Tesla Automotive Software Size

Tesla Model S 17" Touchscreen

Embedded software is the secret sauce in the electric powertrain of the Model S and one of the top areas of investment, according to CTO JB Straubel in an interview with PCWorld.  The newest dual motor P85D version released in late 2014 digitally adjusts torque at the millisecond level between the front and rear motors to achieve a staggering 864 foot-pounds of torque (more than a twin turbo V-12 engine), 691 horsepower and 1 G of lateral acceleration going from 0-60 mph in 3.1 seconds.  YouTube videos of the Tesla Model S P85D drag racing supercars like the Ferrari 458 Italia have gone viral.

Today’s auto manufacturers have truly become software companies, presenting both opportunities and challenges.  With all of this complex software comes the need for systems engineering and sophisticated project, program and portfolio management carefully balanced against the triple constraint of schedule, effort/cost and quality.  Unlike some other industries, auto industry executives do not have the luxury of ignoring any one part of the triple constraint.  Being late to market with innovative technology may mean that a competitor captures the majority of market share.  If development effort and costs are too high, it puts more pressure on sales volume to reach an acceptable margin.  Software reliability issues can result in expensive recalls and even lawsuits that tarnish a company’s reputation and impact future sales.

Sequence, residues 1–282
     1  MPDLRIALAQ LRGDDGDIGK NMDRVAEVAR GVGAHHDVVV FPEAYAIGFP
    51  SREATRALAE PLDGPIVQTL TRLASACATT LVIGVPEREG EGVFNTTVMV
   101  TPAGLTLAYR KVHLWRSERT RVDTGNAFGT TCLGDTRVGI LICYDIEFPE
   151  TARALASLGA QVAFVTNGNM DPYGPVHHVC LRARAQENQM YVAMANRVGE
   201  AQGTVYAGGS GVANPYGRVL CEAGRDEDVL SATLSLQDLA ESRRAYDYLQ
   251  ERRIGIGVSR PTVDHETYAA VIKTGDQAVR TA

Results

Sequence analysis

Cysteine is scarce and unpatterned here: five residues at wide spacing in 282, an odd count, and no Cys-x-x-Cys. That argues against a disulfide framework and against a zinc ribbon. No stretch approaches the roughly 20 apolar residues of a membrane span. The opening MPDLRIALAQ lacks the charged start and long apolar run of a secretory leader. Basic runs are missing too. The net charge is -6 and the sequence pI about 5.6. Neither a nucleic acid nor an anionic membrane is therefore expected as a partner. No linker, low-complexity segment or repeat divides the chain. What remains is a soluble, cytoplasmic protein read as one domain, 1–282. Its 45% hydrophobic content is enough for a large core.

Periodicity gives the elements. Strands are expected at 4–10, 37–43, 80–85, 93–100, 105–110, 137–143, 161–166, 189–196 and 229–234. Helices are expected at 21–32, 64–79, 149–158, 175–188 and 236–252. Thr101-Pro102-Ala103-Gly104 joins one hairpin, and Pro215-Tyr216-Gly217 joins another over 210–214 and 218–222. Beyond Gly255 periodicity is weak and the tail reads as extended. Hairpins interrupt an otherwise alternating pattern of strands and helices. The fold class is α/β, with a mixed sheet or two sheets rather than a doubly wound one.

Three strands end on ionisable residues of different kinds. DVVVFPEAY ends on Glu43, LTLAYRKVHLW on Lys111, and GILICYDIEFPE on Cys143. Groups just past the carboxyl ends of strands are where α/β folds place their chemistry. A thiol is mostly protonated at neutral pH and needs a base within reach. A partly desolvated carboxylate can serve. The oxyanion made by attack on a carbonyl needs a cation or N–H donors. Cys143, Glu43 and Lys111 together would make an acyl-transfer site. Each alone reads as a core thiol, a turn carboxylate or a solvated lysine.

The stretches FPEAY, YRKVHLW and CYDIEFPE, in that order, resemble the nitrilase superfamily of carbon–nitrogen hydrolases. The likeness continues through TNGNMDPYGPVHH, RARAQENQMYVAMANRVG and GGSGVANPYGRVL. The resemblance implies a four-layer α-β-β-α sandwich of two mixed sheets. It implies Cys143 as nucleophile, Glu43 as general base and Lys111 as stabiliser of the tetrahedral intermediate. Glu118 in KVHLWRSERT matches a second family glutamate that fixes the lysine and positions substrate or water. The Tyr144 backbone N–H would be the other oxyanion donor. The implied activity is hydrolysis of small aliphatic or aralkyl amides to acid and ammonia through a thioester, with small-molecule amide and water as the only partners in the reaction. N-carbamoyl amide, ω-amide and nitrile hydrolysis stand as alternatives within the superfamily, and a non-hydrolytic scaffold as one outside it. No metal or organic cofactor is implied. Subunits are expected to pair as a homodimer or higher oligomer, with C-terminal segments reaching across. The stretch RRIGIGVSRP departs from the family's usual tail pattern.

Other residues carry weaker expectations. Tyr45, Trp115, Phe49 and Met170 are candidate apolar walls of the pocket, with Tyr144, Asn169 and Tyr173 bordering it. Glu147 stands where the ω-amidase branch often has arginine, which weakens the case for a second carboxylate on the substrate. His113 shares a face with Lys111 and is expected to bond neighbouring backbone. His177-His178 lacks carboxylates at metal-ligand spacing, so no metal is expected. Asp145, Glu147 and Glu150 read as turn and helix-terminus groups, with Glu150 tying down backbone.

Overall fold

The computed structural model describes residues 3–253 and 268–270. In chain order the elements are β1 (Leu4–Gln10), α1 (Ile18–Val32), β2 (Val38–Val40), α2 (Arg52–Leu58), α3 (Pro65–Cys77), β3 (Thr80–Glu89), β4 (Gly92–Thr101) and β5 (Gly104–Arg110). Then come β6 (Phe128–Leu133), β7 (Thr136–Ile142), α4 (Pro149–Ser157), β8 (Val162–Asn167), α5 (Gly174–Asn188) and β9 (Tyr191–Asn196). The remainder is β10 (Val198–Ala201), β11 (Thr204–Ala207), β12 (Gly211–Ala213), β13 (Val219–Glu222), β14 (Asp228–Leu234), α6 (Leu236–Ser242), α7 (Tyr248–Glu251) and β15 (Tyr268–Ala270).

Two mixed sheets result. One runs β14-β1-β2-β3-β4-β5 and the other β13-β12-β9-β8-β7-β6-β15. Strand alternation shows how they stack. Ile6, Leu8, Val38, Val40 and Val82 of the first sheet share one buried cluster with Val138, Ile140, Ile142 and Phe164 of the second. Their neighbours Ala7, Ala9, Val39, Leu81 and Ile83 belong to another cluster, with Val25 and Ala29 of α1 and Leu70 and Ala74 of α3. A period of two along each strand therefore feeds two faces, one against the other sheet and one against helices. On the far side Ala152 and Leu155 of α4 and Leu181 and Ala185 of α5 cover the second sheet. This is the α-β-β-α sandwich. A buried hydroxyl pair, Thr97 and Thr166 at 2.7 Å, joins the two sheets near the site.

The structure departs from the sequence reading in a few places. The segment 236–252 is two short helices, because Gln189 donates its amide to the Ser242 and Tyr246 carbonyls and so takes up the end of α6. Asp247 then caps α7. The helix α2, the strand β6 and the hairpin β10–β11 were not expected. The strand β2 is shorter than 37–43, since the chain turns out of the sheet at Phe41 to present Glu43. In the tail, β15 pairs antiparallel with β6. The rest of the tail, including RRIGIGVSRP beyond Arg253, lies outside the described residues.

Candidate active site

Thankfully there are quantitative software life cycle management techniques that can help address some of these management challenges.  At QSM, we have successfully applied these techniques to complex software projects for over 35 years in every domain (business, engineering, real-time embedded) and industry sector, including the automobile industry.  Along the way, we have collected a historical benchmark database of over 10,000 projects which is used to calibrate our SLIM tool.  Our QSM Software Almanac: 2014 Research Edition provides some of the latest research from this database.

So what does the future hold for the automotive industry?  Some cars in production today like the Tesla Model S already offer advanced safety features and autopilot capability where software integrates data from cameras, radar, and 360 degree sonar sensors with real-time traffic updates.  However, a ten year look ahead gives us a concept cars like the Mercedes-Benz F015 Luxury in Motion that are so advanced they look like they’re straight out of a science fiction movie.  Other visionary efforts such as Project 100 are going beyond cars and rethinking the entire transportation system.

Will these concepts become reality ten plus years from now when my young children are driving age?  It’s hard to say, but one thing is almost certain: there will be a lot of complex software involved and the companies that succeed will be the ones that combine innovation with successful execution and a thorough understanding of the five core metrics of software development.